"Snapshots, slingshots and other mementos at a West Bank exhibit tell the stories of 100 people killed in the territories by Israelis....Some Israeli critics say the exhibit is part of an effort to manipulate the memory of the dead and portray Israelis to the Western world as child-killers."
RAMALLAH, West Bank--Some visitors to the Khalil Sakakini Cultural Center here come to see the tan hiking boots once worn by Mohammed Durra, the slain 12-year-old whose picture--showing him cowering beside his father--has become one of the most incendiary images of the 5 1/2-month-old intifada.
Others admire the roughly carved slingshot that 15-year-old Fares Odeh used to fling stones at Israeli tanks--until he took a fatal bullet in the neck.
Or the unfinished piece of embroidery that Rahma Hindi, 54, was working on before she was killed by an Israeli missile.
The footwear, slingshot and stitchery are part of an unusual exhibit of photographs and treasured items belonging to the first 100 people killed by Israelis in the ongoing Palestinian uprising against rule by the Jewish state in the West Bank and Gaza Strip.
The idea for the memorial exhibit was hatched in October when Palestinians were being killed in clashes almost every day, their identities unknown to the vast majority of their compatriots. Since the uprising broke out at the end of September, about 425 people have been killed, 80% of them Palestinians.
Organizers say the exhibit, funded by the Ford Foundation, is intended to help visitors see the dead as individuals, not mere statistics.
"We want people to get to know them, and we want to give them back their individuality," said Adila Laidi, director of the cultural center. "These people sacrificed their lives for independence. Why should they remain anonymous?"
Many Palestinians are paying attention. The exhibit, which opened in Ramallah in mid-February and was expected to run for only two weeks, is now in its fourth week thanks to hundreds of visitors. Organizers plan to take their show to six cities in the West Bank and Gaza Strip, then on to Jordan, Egypt and Europe.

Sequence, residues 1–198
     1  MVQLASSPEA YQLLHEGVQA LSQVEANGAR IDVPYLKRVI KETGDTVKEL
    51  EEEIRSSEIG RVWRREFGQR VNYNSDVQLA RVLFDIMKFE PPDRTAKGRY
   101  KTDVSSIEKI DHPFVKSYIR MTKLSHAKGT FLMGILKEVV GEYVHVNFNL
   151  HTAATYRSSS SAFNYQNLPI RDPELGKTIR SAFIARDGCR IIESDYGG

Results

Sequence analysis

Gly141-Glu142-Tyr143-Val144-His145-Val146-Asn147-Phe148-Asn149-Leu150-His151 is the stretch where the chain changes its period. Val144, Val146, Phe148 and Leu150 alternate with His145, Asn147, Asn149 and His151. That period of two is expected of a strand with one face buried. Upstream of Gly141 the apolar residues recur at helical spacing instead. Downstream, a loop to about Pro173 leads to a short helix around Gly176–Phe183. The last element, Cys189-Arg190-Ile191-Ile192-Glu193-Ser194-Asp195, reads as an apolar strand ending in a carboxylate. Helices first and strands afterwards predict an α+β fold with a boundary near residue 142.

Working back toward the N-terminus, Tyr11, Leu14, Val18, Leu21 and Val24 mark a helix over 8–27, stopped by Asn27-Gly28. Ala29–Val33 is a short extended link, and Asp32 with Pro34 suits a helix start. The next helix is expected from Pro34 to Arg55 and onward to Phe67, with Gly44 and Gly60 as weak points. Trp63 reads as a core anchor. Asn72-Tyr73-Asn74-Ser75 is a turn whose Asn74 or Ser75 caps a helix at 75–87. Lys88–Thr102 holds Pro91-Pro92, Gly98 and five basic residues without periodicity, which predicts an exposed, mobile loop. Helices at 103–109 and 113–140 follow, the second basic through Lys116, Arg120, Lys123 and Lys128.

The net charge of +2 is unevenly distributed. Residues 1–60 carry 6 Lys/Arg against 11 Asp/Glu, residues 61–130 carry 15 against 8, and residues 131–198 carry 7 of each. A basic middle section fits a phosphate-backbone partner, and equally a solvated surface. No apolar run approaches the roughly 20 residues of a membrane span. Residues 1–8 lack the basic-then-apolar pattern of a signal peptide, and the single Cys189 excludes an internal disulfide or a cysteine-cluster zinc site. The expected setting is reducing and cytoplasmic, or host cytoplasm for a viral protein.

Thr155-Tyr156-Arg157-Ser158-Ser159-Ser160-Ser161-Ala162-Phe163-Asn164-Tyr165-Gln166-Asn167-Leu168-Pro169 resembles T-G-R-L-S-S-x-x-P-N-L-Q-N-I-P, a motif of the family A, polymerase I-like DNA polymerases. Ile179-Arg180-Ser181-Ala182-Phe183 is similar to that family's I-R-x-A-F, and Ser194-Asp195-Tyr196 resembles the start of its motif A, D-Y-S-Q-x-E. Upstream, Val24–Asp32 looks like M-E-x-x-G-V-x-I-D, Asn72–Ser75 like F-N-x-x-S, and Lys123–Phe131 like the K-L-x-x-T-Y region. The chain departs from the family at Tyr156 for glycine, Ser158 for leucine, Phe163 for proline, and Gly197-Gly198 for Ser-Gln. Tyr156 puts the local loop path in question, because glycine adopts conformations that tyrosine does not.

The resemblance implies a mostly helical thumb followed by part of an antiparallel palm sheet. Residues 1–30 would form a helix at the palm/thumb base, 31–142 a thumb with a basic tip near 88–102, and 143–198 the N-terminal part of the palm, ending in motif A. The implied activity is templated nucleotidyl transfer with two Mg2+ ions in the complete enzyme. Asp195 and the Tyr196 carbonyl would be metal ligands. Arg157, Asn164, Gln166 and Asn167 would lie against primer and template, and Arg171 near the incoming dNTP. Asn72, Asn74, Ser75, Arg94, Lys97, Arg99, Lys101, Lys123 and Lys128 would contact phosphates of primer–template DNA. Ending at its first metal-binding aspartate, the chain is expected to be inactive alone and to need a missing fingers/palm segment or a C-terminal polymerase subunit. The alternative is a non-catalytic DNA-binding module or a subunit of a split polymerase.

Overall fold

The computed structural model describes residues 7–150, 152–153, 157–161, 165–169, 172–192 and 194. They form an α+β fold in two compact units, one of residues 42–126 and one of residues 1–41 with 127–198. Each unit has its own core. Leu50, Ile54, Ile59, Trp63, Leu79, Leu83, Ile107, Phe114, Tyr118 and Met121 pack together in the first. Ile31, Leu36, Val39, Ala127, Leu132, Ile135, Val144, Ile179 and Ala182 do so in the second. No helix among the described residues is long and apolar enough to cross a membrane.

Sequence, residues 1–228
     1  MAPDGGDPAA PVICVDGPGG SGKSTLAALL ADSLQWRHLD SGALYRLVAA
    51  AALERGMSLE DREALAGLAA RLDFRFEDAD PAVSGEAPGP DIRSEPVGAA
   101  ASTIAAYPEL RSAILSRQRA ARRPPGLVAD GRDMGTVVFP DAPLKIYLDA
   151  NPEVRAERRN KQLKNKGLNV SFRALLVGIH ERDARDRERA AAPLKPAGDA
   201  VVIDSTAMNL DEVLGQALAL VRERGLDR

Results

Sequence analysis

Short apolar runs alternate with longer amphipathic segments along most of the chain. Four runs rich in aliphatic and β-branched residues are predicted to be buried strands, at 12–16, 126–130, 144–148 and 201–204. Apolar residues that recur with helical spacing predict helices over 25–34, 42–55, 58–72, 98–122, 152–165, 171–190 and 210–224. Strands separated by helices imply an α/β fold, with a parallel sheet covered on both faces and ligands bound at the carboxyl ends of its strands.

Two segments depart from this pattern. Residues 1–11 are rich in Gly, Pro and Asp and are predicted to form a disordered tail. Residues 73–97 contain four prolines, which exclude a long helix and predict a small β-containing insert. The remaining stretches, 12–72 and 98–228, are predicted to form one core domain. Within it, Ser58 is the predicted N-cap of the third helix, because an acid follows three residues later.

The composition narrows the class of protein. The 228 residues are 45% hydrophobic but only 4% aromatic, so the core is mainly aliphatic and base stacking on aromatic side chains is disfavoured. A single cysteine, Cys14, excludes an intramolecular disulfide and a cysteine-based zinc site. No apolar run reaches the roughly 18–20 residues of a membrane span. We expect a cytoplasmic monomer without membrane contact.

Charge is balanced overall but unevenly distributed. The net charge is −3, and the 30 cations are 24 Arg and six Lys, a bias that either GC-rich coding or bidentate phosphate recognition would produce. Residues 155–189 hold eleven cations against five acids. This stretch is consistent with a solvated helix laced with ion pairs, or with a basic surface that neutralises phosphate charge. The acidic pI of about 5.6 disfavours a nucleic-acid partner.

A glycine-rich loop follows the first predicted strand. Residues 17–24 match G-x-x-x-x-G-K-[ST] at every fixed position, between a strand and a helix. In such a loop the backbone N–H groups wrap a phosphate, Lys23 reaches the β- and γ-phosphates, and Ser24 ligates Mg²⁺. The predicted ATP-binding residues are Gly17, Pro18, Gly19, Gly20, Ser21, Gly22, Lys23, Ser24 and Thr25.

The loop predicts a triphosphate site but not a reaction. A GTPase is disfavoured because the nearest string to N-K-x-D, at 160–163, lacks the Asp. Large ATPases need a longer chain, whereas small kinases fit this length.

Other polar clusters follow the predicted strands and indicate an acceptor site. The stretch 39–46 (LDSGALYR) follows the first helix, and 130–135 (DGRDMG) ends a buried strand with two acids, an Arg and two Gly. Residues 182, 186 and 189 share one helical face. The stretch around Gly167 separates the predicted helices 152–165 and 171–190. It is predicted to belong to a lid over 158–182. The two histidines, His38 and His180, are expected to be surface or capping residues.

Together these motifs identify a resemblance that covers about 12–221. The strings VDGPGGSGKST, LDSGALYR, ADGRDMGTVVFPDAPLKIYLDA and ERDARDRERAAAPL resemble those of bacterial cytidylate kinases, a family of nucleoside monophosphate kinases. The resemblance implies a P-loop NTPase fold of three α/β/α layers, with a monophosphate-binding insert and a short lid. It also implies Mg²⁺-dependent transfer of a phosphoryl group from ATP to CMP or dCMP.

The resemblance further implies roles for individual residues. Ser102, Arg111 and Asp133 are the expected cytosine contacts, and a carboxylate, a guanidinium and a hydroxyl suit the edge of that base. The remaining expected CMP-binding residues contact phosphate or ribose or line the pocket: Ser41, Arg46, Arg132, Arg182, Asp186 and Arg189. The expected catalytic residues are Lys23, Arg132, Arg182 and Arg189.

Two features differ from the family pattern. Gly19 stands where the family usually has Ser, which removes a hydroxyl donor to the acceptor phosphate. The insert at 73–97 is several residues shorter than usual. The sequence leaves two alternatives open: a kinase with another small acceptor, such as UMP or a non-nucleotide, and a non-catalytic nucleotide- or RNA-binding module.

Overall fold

Some Israeli critics say the exhibit is part of an effort to manipulate the memory of the dead and portray Israelis to the Western world as child-killers.
Laidi defended the show, saying: "When many of these people died, their mothers, friends and relatives did not have a chance to grieve. This gives them an opportunity for closure."
The exhibition hall at the Sakakini center usually hosts concerts, displays of elegant paintings and Palestinian folk art. The noted Palestinian poet Mahmoud Darwish maintains an office on the second floor.
But the center has been converted into a shrine for this exhibit. Tea candles flicker on the bare stone floor. Black-and-white photographs of the dead are mounted on the wall. Under each photo is a translucent plastic box containing a belonging or two, each wrapped with twine like a present.
A GameBoy. A soccer ball. Tools. A perfume bottle. An empty bird cage. Crayon drawings of a boy flying a kite.
Descriptions of the dead are contained in a 208-page catalog that Laidi and the staff of her nonprofit organization compiled. The stories, Laidi said, bear witness to the Palestinian condition. Many lived in cramped and miserable refugee camps. Some were so poor that they hadn't had their pictures taken in years, forcing the exhibit's curators to use whatever pictures their families could muster.
Many died in clashes with soldiers. But there are many exceptions. There's Harald Fischer, a German-born chiropractor who was killed by an Israeli missile as he tried to help neighbors. And Bassam Bilbeissi, an ambulance driver who was slain as he tried to rescue Durra. Bilbeissi's paramedic uniform is part of the exhibit.
Chadi Barghouti, a Sakakini employee who gathered items for the exhibit, said he left with stories even more precious.
On the day that 15-year-old Nizar Eideh of Ramallah died in clashes with soldiers, he released a bird he had bought three days earlier. Barghouti said the boy explained to his mother that he didn't want the bird's mother to miss him.